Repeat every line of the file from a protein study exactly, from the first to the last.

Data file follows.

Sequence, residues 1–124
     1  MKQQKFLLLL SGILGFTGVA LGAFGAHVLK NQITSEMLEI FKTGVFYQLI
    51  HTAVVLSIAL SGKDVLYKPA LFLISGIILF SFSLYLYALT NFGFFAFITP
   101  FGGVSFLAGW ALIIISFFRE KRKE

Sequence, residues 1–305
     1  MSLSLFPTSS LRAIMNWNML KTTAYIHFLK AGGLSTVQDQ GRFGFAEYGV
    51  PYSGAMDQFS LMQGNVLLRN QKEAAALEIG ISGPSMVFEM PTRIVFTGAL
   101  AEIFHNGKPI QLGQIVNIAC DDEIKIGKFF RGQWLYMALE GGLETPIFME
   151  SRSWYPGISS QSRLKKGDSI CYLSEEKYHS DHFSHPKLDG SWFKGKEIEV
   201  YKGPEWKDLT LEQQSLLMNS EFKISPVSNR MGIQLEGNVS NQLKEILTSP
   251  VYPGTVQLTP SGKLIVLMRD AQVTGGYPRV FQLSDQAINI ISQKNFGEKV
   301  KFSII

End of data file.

Sequence, residues 1–124
     1  MKQQKFLLLL SGILGFTGVA LGAFGAHVLK NQITSEMLEI FKTGVFYQLI
    51  HTAVVLSIAL SGKDVLYKPA LFLISGIILF SFSLYLYALT NFGFFAFITP
   101  FGGVSFLAGW ALIIISFFRE KRKE

Sequence, residues 1–305
     1  MSLSLFPTSS LRAIMNWNML KTTAYIHFLK AGGLSTVQDQ GRFGFAEYGV
    51  PYSGAMDQFS LMQGNVLLRN QKEAAALEIG ISGPSMVFEM PTRIVFTGAL
   101  AEIFHNGKPI QLGQIVNIAC DDEIKIGKFF RGQWLYMALE GGLETPIFME
   151  SRSWYPGISS QSRLKKGDSI CYLSEEKYHS DHFSHPKLDG SWFKGKEIEV
   201  YKGPEWKDLT LEQQSLLMNS EFKISPVSNR MGIQLEGNVS NQLKEILTSP
   251  VYPGTVQLTP SGKLIVLMRD AQVTGGYPRV FQLSDQAINI ISQKNFGEKV
   301  KFSII